Google’s AI can now identify your rough sketches — but the research team is also teaching computers to draw their own doodles. On April 13, the Google research team shared their latest work involving a neural network capable of drawing its own sketches, currently being called Sketch RNN. Unlike AutoDraw, Sketch RNN is a recently published research paper and is not yet available to the public.
The system is based on human sketches, but doesn’t imitate the human doodles exactly, Google Research says, instead creating its own new drawings. While the system still starts with a sketch, the program reconstructs the original drawing in a unique way. That’s because the team deliberately added noise between the encoder and decoder, so that the computer can’t recall the exact sketch.
The goal isn’t to teach computers to copy a drawing, but to see if neural networks are in fact capable of creating their own drawings. To do that, Google researchers David Ha and Douglas Eck used the process of creating 70,000 drawings to teach the system using the motor sequences, like direction and when to lift the pen, instead of simply inputting thousands of already completed drawings.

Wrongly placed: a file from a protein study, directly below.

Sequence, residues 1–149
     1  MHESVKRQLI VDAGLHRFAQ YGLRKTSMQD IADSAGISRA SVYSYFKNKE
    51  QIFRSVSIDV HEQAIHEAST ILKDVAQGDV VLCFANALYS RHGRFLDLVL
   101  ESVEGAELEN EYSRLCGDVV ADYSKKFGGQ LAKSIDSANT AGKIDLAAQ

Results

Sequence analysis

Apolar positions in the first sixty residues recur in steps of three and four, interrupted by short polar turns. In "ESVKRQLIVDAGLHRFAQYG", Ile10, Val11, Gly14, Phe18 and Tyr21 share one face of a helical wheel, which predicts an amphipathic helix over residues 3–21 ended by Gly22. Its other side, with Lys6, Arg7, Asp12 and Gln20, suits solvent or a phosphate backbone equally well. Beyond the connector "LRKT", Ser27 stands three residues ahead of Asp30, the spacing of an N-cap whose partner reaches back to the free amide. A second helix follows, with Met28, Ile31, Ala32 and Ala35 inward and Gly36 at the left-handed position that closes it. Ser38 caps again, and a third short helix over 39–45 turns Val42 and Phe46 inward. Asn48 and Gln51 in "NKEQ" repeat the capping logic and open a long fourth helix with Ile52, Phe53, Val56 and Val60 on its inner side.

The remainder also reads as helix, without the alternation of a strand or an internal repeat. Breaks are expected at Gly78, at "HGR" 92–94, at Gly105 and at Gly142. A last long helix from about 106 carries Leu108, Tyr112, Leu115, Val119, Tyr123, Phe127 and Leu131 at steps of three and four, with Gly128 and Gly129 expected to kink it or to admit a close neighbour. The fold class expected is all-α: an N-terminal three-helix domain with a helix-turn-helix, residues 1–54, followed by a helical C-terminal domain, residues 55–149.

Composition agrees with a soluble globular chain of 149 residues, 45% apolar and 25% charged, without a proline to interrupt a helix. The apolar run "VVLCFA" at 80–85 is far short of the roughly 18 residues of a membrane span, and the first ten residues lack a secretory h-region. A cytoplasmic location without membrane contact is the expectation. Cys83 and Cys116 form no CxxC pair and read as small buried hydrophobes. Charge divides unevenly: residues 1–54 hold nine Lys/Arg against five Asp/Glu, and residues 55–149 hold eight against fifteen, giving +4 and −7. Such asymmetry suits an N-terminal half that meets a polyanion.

While the system’s cat drawings don’t look much better than a preschooler’s, sketch RNN is capable of creating a unique sketch. To test the program’s ability to draw a unique cat, the team also feeds it data of odd drawings, like a three-eyed cat. “When we feed in a sketch of a three-eyed cat, the model generates a similar looking cat that has two eyes instead, suggesting that our model has learned that cats usually only have two eyes,” Ha wrote.
If the input sketch is actually of a different object but still paired with the word cat, the program still creates a cat, though the overall shape mimics the original drawing. For example, when the researchers drew a truck and told the computer it was a pig, they got a truck-shaped pig.
So what’s the real world application? Google Research says the program can help designers quickly generate a large number of unique sketches. Eventually, the program could also be used to teach drawing, learn more about the way humans sketch, or to finish incomplete drawings.
- New microscope uses A.I. smarts to diagnose deadly blood infections
- The key to next-gen 3D vision for autonomous cars is … praying mantis goggles?
- The DroNet algorithm teaches drones to navigate city streets like cars
- Secrets behind cuttlefish’s camouflage could inspire shape-shifting structures
- What would disaster look like in your city? ‘Deep Empathy’ uses A.I. to show you